A vignette is a literary style that allows the writer to reveal emotion, illustration or simply a descriptive version of an event of thought.
Vignettes are a powerful way to tell your story for several reasons. First, they are short, which in many ways is a powerful writing tool. Have you ever heard of the expressions: In and out or short and sweet? People love something quick. Think of short vignettes as a way to respect your readers time. Secondly, vignettes allow you to write more poetic and emotional prose. For many people writing lengthy passages is difficult and takes away from the emotional appeal the writer was aiming for.
So, let’s look at a short vignette by a writer who is considered a master of succinct and emotional writing – Ernest Hemingway.
“Maera lay still, his head on his arms, his face in the sand. He felt warm and sticky from the bleeding. Each time he felt the horn coming. Sometimes the bull only bumped him with his head. Once the horn went all the way through him and he felt it go into the sand…Maera felt everything getting larger and larger and then smaller and smaller. Then it got larger and larger and larger and then smaller and smaller. Then everything commenced to run faster and faster as when they speed up a cinematograph film. Then he was dead.”
In this short 98-word vignette, Hemingway is able to convey the last moments of a bullfighter. And this is what a vignette is. Short, sweet and to the point, capturing those few moments of a greater experience.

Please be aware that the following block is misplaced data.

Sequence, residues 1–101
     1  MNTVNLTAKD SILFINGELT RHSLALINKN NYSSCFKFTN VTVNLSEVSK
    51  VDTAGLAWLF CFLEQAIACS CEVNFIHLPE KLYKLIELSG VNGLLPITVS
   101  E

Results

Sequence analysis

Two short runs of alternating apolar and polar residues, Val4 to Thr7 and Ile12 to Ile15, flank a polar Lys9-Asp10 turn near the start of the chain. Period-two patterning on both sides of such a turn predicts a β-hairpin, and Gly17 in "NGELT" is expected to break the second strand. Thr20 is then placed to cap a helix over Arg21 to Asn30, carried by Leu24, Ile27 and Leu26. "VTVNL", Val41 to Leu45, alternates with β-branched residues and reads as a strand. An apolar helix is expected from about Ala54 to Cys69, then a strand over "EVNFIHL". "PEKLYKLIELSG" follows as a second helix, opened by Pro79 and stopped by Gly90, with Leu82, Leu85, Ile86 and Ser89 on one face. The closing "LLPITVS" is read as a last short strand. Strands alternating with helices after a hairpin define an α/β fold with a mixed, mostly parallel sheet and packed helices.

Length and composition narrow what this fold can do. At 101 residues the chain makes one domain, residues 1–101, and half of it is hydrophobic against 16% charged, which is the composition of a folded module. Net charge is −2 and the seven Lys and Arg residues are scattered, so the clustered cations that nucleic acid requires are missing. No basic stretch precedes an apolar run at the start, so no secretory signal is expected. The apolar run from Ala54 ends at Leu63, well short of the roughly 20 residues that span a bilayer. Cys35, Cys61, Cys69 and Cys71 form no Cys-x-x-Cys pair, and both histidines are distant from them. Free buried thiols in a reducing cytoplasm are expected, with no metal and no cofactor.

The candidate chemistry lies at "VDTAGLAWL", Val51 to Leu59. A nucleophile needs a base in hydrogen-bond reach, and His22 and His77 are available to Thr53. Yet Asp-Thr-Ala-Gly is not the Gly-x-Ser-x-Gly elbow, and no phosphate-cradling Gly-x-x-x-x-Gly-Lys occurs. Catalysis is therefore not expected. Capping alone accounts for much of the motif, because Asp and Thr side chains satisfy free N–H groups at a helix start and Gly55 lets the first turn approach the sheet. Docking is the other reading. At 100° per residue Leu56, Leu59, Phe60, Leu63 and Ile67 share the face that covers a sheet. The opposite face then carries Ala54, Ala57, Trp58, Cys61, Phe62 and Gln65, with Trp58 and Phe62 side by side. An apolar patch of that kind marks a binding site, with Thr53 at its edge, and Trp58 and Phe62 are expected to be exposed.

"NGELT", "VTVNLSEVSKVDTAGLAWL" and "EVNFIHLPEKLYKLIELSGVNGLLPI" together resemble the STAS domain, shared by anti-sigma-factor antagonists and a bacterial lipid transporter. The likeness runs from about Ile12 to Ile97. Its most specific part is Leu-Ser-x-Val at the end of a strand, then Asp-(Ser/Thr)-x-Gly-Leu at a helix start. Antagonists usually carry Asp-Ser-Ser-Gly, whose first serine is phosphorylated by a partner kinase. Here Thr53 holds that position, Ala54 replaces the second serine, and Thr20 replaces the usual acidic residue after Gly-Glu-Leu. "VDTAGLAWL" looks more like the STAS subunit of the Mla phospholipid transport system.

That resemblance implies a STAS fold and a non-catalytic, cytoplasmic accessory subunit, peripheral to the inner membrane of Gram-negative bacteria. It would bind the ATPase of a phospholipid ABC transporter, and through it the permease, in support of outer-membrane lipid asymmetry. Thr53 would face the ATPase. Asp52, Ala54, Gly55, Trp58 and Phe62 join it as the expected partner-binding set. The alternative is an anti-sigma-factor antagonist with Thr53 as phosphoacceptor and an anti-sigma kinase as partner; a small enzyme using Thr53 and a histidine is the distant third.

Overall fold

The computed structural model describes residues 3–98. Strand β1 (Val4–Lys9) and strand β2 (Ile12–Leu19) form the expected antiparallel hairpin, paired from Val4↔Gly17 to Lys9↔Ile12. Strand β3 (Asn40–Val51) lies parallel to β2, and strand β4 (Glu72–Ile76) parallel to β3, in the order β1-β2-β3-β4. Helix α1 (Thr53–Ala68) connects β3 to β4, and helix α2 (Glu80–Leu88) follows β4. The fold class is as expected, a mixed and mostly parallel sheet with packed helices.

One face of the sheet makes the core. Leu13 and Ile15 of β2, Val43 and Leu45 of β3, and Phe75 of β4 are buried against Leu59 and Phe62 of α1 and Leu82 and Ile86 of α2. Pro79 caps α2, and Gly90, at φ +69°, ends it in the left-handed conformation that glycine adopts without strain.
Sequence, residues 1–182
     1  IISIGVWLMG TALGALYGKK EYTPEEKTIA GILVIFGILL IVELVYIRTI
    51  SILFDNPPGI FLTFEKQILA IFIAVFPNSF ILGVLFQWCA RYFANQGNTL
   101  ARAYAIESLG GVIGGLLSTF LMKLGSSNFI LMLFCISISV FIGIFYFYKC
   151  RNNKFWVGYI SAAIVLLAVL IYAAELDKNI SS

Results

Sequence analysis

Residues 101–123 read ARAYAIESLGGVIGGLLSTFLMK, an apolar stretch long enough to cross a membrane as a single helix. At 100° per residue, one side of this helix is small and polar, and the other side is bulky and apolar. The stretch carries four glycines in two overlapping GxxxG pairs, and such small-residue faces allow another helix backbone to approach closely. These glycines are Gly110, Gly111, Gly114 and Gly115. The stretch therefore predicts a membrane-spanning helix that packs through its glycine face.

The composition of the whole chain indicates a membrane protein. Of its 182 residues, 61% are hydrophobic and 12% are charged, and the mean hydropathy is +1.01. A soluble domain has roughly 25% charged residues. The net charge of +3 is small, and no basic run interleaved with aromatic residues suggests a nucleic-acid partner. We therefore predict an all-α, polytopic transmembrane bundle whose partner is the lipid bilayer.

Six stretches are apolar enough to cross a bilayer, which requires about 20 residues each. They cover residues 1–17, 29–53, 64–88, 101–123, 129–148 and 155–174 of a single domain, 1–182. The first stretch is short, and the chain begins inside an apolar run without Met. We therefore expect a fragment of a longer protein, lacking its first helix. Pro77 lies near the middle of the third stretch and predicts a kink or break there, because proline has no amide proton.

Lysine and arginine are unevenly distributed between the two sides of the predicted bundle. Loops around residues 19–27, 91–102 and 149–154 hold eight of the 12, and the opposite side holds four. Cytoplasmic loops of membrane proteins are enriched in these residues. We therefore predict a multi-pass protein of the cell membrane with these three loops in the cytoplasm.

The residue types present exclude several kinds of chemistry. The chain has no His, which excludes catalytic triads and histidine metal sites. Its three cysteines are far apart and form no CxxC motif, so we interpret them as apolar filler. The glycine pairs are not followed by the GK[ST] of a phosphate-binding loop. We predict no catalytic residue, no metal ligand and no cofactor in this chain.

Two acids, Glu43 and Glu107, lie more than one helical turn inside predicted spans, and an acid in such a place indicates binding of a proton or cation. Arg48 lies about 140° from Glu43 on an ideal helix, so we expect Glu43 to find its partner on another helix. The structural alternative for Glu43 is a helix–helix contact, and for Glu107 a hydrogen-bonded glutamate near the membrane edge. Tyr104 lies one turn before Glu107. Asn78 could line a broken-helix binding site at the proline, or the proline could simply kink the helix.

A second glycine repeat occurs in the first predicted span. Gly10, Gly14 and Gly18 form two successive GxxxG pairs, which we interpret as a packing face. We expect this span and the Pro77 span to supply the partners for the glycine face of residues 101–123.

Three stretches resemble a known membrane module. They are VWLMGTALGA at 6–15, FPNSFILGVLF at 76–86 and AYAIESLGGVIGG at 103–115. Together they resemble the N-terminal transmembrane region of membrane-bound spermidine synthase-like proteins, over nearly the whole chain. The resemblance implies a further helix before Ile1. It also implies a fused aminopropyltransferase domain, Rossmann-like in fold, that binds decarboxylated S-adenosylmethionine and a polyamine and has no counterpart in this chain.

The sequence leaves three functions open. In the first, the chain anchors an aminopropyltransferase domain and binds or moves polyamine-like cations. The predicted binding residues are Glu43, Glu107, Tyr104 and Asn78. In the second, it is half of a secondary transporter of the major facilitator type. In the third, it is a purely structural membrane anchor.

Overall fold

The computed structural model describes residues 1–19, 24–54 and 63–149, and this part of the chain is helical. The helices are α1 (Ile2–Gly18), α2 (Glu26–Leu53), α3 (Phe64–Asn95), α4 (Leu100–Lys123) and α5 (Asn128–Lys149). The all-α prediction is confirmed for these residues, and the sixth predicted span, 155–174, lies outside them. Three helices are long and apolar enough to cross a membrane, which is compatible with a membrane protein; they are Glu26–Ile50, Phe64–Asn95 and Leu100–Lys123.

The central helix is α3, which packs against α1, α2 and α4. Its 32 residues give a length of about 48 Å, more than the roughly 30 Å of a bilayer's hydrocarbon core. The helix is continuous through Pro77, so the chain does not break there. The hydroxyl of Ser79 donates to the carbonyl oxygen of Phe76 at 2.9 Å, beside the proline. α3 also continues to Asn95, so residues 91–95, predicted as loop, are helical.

None of us knew what had happened. I could hear the sobs of the girl behind me, the awkward jokes as a kid jabbed me in the side with his yellow #2 pencil. But, it was the horrified look on my fifth-grade teacher’s face that told us all something was horribly wrong. She was watching as a plume of smoke followed a glowing orange ball on the television. Sister Jane suddenly turned toward us as if woken by an explosion. She immediately dropped to her knees and wrapped her gangly, yet warm arms around the first child she saw. It was me. She whispered in my ear, “It’s going to be alright. You are going to be fine.” But, even at ten-years-old, I knew she was saying those words to herself as much as she was using them to comfort a terrified and confused child. Her embrace was warm, loving and genuine. Over the next few minutes, Sister Jane doled out her loving hug to the fifteen others students in our classroom. I wouldn’t know until ten years later that Sister Jane had lost one of her best friends – teacher Christa McAuliffe. I doubt any child in our class would forget the day that the Challenger space shuttle exploded 73-seconds into flight. And without Sister Jane, I may have not known the power of a hug.
This was my experience of the Challenger disaster in 1986. As you can see, that at nearly twice the length both vignettes are an example of a brief moment in time. Neither lasted more than a few minutes, but both express what the focal point of the vignette was thinking and going through.
The key to a vignette is keeping it focused on a specific moment, drawing emotion from that moment and keeping it short. How short? Of course, there is variability, however, a range of 200-300 words is a great place to start. If you find yourself over 300 words you may want to consider editing down with a little creative writing and word choice. Eliminate the redundancies, unneeded words and anything that will respect a reader’s time.